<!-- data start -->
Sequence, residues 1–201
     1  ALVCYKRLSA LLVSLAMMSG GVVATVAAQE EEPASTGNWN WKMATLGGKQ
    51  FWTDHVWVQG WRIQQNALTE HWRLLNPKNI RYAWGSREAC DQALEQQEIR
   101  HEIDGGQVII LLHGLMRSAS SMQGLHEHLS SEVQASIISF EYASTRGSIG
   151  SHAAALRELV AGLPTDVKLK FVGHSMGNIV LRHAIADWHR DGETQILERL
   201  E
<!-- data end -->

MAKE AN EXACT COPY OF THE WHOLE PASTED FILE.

Sequence, residues 1–201
     1  ALVCYKRLSA LLVSLAMMSG GVVATVAAQE EEPASTGNWN WKMATLGGKQ
    51  FWTDHVWVQG WRIQQNALTE HWRLLNPKNI RYAWGSREAC DQALEQQEIR
   101  HEIDGGQVII LLHGLMRSAS SMQGLHEHLS SEVQASIISF EYASTRGSIG
   151  SHAAALRELV AGLPTDVKLK FVGHSMGNIV LRHAIADWHR DGETQILERL
   201  E